The newest Marysville school board member Paul Galovin was sworn on to the board on Dec. 11.
Galovin serves District 2 for the Marysville School Board, which is most of north Marysville.
He defeated incumbent school board member Mariana Maksimos with 53.69 percent of the votes during the Nov. 5 general election.
After getting out of the military, Galovin moved to Marysville in 2007 and has resided in the community since then.
“I served for my country in the Army and later in the National Guard,” he said.
He wanted to continue serving his community at a more local level and has begun putting time into various committees around the school district and city, including the district’s facilities committee that helped shape the levy proposals that will be on this February’s ballot.
After considering the options, Galovin said he decided to try to get more involved in the school district with a school board position.
Galovin didn’t expect this much support when he started out.
“Running for office is completely foreign territory for me,” he said.
“The amount of voter support took me by surprise actually, and has helped quiet some doubts in my mind if this was really right for me,” he said.
Currently, Galovin has a 12-year-old that goes to a Marysville school as well as a foster child in his care.
Galovin is a former foster child and said from third-grade to ninth-grade he moved around to many different schools.
“I got to see a lot of the inconsistencies across school districts. A lot of the support services were different, sometimes even in the same district,” Galovin said.
He hopes to improve some of those issues with the schools, he said.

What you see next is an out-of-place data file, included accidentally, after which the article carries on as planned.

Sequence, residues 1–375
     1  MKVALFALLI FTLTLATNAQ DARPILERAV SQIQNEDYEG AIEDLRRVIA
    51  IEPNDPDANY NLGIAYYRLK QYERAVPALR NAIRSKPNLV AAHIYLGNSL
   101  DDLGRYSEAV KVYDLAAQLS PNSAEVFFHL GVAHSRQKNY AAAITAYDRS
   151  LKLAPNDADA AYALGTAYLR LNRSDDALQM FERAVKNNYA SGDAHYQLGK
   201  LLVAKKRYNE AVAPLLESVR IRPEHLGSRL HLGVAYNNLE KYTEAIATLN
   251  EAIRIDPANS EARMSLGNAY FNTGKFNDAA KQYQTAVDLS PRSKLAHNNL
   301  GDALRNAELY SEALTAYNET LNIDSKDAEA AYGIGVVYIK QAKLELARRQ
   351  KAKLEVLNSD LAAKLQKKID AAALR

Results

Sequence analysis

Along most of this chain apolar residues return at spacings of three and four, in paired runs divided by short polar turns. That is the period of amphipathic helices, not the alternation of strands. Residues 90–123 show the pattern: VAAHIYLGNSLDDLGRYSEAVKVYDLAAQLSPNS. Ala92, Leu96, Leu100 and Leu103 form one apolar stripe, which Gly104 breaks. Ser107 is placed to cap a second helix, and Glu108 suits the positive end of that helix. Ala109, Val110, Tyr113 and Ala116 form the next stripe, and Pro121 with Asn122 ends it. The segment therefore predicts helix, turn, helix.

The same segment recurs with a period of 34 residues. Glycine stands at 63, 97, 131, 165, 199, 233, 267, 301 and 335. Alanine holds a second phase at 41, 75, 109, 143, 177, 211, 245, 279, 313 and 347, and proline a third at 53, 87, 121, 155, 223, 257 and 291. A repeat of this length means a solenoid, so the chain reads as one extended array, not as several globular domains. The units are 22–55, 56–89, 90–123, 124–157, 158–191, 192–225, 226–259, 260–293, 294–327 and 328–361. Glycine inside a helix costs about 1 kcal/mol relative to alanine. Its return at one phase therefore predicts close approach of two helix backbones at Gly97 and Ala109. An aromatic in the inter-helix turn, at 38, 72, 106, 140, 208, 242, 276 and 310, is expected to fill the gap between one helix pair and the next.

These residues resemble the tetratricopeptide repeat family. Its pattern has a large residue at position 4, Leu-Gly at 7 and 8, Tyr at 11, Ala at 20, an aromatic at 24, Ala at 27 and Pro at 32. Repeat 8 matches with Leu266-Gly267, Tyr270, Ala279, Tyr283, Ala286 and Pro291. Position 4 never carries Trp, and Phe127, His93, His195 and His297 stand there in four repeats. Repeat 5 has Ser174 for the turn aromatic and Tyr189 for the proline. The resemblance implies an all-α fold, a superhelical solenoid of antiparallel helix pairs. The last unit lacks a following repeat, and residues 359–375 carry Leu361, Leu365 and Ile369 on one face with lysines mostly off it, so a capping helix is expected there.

“Even some of the wealthier school districts have those same challenges. I want to help try to build a layout for how the school district can work more consistently,” he said.
As Galovin joins the board he said the district is heading in a positive direction and he hopes to continue projects already in the pipeline.
“A lot of their goals are the same as mine,” he said.
He hopes to foster the growth of Marysville educators.
“I want to allow teachers to reach outside their tool box to find something that works better,” Galovin said.
Improving the school environment for kids is also important for him, he said.
“I really think that to get bullying out of schools, you have to make the schools be like a family,” he said.
He points to 10th Street Middle School as a good example of community, which had about 150 of their 170 students attend this year’s Halloween event.
“That’s just a beautiful environment there, and I want to help make all of our schools have that kind of environment. I know that’s a tall order,” he said.
Galovin said he has already talked with parents who have helped to guide his thinking and encourages parents to reach out to him if they want their voice and opinions heard.
“I want to win the trust of the people, and let them know that they can call me on my phone at any time,” he said.
He said Marysville parents and community members can call him at 425-272-3233.